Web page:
Defensive Backs

Our biggest problem in pass defense seemed to come from scheme/coaching, and not from a particular player.  But every time Arkansas lined up on the left hashmark and a receiver ran a crossing pattern across the field, he ran free.  I saw this happen four times, and it finally led to a 54-yard touchdown pass.  That has to be fixed.

Cyrus Jones continues to be our best pass-coverer, and also a good tackler.  His play is rapidly reaching all-star level.  I didn't like his finger-pointing after one completion in the third quarter, but in his favor he was probably right to point a finger:  it was after one of those crossing patterns we never covered.

Eddie Jackson had the other corner this week, and it is evident that, at least at this point, his competition is with Tony Brown, not with Jones.  Jackson was picked on, and gave up multiple good gainers.  Twice he gave up first-down passes on slants to the tight end on third-and-long, missed a tackle on a 12-yard-run when the running back blew right by him (and was very lucky not to get called for pushing the guy in the back a full yard after he went out of bounds), and gave up a 16-yard completion to A.J. Derby right after the pass interference on Ragland.  Jackson didn't have coverage on the long TD pass to Derby, but he was the guy who had good safety position on the receiver only to give up the corner and get blown by, and to top it off he allowed himself to be stiff-armed out of the play in pursuit.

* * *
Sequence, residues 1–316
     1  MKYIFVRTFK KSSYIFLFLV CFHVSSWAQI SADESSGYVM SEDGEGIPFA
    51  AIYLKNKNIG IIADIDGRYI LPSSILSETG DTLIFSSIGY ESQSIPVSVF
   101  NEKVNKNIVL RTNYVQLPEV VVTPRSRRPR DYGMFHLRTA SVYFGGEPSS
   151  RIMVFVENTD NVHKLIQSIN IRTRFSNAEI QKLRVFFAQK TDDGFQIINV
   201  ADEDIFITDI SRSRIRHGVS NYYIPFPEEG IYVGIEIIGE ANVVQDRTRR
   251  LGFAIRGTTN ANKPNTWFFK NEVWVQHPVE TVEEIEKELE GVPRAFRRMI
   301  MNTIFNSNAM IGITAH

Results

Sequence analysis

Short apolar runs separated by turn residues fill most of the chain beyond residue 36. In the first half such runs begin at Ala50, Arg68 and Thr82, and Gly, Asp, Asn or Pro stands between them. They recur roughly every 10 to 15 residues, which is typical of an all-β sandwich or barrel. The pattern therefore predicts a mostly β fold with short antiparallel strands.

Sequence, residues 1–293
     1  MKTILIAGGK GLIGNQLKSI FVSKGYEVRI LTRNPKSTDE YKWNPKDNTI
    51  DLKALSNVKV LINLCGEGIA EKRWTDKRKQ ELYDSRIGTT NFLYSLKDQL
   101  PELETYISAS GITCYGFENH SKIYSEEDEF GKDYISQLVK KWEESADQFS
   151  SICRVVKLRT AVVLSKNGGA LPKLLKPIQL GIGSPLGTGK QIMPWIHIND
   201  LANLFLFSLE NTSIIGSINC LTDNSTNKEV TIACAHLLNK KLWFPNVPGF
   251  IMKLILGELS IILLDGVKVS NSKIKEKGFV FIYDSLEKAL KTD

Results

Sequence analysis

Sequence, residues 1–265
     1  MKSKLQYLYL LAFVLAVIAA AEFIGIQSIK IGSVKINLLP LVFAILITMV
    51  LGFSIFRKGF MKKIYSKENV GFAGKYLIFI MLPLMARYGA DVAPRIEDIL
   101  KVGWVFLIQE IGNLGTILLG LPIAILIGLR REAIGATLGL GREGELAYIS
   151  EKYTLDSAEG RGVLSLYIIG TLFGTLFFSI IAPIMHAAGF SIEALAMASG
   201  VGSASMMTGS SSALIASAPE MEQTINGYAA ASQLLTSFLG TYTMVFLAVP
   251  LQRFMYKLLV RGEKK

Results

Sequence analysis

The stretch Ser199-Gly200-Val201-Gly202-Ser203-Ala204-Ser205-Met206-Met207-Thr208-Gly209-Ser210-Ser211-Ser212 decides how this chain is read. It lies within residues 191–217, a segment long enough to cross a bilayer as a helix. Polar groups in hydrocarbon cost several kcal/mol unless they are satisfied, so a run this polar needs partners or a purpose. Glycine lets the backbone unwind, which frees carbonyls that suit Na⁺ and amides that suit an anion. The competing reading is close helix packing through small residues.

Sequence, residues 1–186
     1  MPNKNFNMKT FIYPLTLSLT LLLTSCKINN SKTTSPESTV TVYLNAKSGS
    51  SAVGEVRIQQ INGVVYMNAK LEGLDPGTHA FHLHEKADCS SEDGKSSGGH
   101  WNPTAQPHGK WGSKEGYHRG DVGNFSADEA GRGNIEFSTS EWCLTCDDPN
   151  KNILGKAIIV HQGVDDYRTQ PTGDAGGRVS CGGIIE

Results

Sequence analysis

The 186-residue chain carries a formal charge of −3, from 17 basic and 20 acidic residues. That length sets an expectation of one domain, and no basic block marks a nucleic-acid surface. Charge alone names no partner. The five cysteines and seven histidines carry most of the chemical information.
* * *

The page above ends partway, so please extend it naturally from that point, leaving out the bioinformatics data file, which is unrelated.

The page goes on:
Jackson made some good plays, too.  Nice coverage on a 3rd-and-6 post pattern in the first quarter led to a throwaway, and Jackson blitzed effectively twice, recording an 11-yard sack.  He also jumped a slant route nicely with about 2 minutes left in the game, although I'm not sure he had safety help, and jumping a route before the ball is delivered can get you burned badly if the receiver turns upfield.  Worst case comes to pass, and that nice play costs us the game.

Overall, I wouldn't mind seeing Brown get another shot.  I think I liked his play against Ole Miss better than Jackson's against Arkansas.  It's not an easy call, as the two players have a lot in common: they're both talented but they're both a little green and get picked on a bit.  But I like Brown for the upside and speed; I don't think Derby would've beaten him to the corner on that TD pass.